You need to produce what form or documents are requested by mail; a CD of the same is also acceptable as well. Yes, a Proof of Service that you provided these documents is also required.
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The answer depends on what the party who served ("propounded") the discovery request asked for, and what you can agree to. Many times, discovery requests will demand that the responding party provide originals for copying, but most attorneys know that that is more difficult than just sending copies, and many attorneys will agree to accept copies as long as the originals will be made available if requested.
Also, if there are hundreds of pages, the propounding party may not care to deal with that, and would actually prefer getting a CD or flash drive with all of the documents scanned onto it, especially since many offices are going 'paperless.' Usually, when I am going to produce a CD of documents instead of hard copies, I will simply ask the other side in an email if that is acceptable, and if they say 'yes,' I'll mail the CD. You can also ask if they will accept the documents through email. I have accepted that in the past as well.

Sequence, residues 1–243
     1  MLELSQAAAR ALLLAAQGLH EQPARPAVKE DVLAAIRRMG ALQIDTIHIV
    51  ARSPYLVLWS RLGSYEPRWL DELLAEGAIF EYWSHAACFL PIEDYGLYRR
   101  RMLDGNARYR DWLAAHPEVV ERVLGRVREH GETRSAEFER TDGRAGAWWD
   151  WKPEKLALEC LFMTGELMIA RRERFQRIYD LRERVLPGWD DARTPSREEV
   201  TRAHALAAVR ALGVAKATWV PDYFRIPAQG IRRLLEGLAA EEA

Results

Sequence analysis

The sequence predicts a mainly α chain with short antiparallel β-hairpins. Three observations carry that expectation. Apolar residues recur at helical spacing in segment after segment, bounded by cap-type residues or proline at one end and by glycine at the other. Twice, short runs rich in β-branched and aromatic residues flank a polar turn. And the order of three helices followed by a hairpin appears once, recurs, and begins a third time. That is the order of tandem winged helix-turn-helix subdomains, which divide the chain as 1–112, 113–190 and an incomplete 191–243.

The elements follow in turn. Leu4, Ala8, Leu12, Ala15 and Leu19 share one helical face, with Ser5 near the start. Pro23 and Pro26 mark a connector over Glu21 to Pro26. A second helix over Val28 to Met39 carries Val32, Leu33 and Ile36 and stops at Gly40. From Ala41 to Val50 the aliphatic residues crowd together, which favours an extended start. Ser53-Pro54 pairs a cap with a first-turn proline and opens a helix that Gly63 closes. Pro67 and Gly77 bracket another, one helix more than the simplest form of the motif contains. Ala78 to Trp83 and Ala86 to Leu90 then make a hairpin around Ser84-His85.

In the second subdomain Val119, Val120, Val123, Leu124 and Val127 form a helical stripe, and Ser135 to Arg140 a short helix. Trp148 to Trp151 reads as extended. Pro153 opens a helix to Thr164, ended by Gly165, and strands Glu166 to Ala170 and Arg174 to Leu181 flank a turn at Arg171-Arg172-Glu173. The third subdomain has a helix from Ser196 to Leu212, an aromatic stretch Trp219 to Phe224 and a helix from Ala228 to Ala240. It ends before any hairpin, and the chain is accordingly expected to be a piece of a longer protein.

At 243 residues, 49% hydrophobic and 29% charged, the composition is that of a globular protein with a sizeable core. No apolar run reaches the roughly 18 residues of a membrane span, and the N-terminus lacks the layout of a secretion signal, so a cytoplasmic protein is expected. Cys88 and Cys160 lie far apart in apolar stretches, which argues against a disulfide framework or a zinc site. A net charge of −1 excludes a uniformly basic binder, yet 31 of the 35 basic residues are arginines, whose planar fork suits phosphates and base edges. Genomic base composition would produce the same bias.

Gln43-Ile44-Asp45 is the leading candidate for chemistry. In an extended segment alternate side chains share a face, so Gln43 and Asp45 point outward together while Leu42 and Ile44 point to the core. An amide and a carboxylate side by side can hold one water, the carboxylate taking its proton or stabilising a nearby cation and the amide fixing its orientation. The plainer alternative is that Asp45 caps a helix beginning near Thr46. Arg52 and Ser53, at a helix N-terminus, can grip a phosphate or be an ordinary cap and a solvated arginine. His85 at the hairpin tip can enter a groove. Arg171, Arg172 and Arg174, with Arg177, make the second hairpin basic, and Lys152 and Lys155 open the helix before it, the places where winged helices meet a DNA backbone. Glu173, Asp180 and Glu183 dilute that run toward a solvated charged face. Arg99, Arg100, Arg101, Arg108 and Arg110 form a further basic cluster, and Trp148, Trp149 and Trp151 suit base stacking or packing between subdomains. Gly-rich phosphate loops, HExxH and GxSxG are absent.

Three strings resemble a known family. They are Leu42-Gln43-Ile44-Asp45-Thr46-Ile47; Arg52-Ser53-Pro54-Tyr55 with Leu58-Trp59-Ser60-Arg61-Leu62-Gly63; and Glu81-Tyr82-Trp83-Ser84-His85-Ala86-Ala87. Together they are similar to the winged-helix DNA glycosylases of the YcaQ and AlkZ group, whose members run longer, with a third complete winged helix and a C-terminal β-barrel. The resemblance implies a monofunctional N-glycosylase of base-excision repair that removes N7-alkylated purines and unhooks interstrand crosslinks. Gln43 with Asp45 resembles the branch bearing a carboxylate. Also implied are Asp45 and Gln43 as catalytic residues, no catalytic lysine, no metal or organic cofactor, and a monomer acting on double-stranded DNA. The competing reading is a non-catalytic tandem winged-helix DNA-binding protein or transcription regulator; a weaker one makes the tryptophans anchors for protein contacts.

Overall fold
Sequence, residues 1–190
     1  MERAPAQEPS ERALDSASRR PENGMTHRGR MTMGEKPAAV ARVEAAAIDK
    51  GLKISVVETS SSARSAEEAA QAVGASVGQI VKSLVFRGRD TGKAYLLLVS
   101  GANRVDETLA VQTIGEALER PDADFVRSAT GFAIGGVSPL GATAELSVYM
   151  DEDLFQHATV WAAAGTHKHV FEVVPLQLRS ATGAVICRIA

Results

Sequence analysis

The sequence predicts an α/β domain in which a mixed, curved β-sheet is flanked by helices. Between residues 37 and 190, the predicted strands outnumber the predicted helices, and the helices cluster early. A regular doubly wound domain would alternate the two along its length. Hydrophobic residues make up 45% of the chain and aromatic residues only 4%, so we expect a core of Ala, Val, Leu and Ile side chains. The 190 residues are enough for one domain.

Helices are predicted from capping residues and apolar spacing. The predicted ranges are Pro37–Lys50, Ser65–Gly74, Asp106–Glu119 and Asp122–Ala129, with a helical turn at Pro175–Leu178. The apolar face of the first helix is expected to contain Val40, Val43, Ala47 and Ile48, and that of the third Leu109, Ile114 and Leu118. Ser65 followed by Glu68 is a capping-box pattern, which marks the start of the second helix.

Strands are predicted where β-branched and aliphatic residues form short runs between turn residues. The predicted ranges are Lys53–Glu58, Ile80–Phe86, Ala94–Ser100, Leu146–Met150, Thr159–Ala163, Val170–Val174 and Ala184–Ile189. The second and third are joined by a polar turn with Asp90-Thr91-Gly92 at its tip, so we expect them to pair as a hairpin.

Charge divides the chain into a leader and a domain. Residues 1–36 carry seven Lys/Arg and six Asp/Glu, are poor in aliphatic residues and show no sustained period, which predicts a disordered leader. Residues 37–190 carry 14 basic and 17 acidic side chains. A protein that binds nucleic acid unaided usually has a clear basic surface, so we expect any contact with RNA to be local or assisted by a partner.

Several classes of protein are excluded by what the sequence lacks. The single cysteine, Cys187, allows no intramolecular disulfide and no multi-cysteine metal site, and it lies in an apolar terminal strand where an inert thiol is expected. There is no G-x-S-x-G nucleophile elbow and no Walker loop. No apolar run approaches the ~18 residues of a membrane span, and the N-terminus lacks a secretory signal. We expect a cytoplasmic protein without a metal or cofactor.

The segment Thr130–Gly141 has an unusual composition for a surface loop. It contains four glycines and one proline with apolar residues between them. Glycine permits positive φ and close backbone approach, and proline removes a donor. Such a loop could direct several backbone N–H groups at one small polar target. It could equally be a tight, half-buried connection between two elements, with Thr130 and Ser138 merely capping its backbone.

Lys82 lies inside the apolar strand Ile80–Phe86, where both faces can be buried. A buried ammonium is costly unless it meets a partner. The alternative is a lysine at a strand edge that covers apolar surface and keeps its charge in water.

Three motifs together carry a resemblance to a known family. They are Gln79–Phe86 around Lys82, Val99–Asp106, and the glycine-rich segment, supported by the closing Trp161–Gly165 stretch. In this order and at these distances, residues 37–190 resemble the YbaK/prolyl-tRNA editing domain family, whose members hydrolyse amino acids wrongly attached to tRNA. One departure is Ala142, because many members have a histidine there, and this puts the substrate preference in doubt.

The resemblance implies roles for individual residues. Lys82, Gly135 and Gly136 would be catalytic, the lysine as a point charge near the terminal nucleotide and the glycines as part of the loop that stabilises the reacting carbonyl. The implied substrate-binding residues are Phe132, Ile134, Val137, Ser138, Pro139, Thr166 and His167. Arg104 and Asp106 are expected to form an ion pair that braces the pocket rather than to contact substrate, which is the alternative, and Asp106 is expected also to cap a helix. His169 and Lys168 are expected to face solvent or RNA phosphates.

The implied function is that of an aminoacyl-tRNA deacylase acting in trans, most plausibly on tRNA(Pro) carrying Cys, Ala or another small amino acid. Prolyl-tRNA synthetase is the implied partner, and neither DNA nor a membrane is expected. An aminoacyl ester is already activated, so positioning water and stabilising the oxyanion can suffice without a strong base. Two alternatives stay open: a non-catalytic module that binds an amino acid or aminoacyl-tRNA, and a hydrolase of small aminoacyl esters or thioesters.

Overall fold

As for the proof of service, you will still need to prepare written responses to the requests, and someone who is not a party to the case should serve that by an appropriate method, along with the proof of service. Usually, a hard copy is mailed, but if the other party agrees to email service or fax service, that may be acceptable as well.
Finally, discovery responses are not filed with the court.
Ms. Darrow has provided a comprehensive and accurate response.
This response is for information purpose only and does not constitute a legal advice. This response does not create an attorney-client relationship.